Robert Tanitch reviews The Wild Party at The Other Palace, London SW1
The Other Palace, until recently called St James Theatre, has been taken over by Andrew Lloyd Webber so that writers and producers can try out and refine their work, and offering audiences an opportunity to see musicals in development.
The inaugural production is The Wild Party, a musical by Michael John LaChiusa and George C Wolfe. The show is based on a narrative poem written by Joseph Mancure March in the 1920s and banned in several cities in the USA on publication in 1928.
Written in syncopated rhyming couplets it tells the story of two lovers in vaudeville, a female singer and a male clown. March’s portrait of a hedonistic, decadent Manhattan society – sex, drugs, a bath of gin, death and jazz – shocked many, triggering memories of the 1921 Fatty Arbuckle scandal.
“It is repulsive and fascinating,” said one critic of the poem, “vicious and vivacious, uncompromising and unashamed… and unremittingly powerful. It is an amazing tour de force.”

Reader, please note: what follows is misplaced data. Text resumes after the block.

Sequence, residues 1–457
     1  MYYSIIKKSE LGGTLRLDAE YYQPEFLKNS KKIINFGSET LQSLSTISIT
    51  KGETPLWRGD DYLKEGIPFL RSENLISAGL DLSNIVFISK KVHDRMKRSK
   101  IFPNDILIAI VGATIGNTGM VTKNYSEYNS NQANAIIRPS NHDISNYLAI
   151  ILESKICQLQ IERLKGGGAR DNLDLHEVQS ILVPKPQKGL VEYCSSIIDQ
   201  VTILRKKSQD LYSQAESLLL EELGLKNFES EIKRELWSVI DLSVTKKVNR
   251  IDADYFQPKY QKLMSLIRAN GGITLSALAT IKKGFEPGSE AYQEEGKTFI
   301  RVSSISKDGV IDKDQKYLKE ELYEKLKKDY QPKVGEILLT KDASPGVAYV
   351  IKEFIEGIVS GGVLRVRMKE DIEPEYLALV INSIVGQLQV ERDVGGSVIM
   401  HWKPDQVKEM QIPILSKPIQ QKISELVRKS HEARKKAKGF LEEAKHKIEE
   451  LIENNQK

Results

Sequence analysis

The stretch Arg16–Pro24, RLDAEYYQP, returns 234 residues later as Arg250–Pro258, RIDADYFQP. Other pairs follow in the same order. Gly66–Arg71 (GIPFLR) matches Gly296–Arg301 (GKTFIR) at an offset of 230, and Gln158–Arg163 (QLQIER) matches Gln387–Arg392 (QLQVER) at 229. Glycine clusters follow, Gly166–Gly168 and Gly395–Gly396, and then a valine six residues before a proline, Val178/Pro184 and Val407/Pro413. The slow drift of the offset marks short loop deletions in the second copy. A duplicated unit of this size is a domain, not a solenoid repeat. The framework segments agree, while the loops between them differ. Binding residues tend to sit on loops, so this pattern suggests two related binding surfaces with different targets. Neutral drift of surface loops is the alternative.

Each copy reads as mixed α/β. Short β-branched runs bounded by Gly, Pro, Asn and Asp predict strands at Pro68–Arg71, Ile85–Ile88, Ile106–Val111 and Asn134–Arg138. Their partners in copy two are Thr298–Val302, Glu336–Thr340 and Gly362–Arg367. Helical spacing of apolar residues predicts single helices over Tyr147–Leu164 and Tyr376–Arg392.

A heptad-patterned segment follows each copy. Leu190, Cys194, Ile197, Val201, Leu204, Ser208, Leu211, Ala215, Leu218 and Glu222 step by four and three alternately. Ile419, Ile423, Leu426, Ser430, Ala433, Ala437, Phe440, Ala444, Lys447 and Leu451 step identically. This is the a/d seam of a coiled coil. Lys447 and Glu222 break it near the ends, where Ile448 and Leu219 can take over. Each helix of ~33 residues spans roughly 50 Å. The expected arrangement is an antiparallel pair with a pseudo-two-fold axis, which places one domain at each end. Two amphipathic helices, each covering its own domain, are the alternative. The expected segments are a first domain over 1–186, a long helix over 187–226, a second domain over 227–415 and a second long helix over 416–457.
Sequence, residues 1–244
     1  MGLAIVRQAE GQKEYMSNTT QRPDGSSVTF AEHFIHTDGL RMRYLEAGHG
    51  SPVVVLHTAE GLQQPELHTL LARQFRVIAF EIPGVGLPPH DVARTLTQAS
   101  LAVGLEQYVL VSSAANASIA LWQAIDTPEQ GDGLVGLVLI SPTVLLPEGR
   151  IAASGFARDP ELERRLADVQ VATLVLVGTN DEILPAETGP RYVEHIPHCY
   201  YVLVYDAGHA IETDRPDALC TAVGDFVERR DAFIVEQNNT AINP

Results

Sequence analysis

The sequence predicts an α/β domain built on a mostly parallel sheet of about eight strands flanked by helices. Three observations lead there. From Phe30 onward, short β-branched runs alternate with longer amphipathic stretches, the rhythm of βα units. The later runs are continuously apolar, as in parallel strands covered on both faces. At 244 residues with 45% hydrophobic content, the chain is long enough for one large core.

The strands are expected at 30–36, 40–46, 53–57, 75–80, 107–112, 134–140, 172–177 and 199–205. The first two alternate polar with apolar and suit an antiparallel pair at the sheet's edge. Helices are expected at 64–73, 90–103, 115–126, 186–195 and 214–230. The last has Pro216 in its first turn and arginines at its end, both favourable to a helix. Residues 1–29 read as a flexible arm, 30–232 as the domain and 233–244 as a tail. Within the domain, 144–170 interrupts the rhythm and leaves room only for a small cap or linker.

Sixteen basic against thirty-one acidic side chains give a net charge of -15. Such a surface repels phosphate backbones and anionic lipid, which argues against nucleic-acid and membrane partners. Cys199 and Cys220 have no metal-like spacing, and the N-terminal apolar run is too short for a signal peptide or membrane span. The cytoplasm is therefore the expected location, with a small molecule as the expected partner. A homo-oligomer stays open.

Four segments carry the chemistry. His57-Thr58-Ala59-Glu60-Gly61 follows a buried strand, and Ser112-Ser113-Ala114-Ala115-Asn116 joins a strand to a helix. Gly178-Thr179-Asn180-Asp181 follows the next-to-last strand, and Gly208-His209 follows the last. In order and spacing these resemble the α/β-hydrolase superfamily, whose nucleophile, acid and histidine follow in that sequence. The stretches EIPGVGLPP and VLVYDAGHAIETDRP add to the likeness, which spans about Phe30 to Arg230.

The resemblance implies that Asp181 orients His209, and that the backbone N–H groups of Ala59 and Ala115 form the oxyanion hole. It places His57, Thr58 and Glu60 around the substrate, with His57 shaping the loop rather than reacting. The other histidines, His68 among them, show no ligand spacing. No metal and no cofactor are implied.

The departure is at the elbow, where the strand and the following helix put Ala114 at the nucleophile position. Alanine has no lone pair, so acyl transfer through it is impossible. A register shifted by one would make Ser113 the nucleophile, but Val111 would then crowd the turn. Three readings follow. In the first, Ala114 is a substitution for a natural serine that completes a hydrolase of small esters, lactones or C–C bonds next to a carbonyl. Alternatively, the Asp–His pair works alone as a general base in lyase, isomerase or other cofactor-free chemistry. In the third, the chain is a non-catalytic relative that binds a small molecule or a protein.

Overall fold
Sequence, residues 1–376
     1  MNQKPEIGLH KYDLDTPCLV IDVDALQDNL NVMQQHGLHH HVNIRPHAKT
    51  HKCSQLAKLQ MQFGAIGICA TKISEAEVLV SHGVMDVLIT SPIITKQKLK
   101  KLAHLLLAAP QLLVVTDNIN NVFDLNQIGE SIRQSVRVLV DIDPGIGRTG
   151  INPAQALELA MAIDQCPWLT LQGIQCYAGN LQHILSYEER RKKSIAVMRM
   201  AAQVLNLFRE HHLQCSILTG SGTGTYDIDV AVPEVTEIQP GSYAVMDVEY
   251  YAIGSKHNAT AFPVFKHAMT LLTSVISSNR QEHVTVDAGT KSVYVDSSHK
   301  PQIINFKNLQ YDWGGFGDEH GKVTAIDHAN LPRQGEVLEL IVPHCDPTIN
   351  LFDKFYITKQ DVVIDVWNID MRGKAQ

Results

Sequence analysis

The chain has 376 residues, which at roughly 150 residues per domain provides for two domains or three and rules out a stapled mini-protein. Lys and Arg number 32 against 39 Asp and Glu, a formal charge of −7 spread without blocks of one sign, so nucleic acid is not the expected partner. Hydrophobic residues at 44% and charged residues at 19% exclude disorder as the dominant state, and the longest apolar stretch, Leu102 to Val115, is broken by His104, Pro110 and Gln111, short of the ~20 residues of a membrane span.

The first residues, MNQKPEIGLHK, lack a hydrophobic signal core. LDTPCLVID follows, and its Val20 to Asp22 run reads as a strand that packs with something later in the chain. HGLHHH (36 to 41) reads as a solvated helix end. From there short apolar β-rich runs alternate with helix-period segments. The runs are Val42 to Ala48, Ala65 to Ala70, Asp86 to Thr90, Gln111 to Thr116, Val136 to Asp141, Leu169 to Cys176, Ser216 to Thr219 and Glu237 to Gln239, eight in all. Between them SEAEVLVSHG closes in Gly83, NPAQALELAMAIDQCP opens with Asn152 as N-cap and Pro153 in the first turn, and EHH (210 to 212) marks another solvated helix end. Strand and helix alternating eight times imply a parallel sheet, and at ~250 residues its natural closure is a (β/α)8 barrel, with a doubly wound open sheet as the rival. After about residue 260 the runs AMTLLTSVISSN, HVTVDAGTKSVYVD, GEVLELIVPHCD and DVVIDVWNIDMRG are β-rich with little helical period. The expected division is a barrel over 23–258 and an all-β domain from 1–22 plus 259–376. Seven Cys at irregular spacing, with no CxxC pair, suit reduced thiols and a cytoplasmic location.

The staccato poem had its admirers, notably William Burroughs.
Some love fire, some love rust
But the fiercest, cleanest love is lust.
The weakness of the musical is that it truly is a wild party – and so wild that it difficult to know what is happening and to care for any of the characters.
The strength of the musical is Drew McOnie’s amazing and inventive production and choreography and the sheer energy and drive the cast bring to it. It’s a raucous, relentless, abrasive, exhausting evening.
Frances Ruffelle and John Owen-Jones are cast as the lovers. There are two scene-stealing performances by Gloria Obianzo and Genesis Lynca who play two gay brothers, twins.
The cast is miked and their voices are distorted. I had great difficulty hearing the words of the lyrics.
The show, which lasts 2 hours 20 minutes with interval, should be cut to 90 minutes and have no interval. The second act is more of the same.
March’s poem has inspired a second musical. Andrew Lippa’s version was in the same 2000 Broadway season as March’s version and to the box-office detriment of both.
I came out of The Other Palace wondering what Lippa’s musical was like and whether it was better than March’s.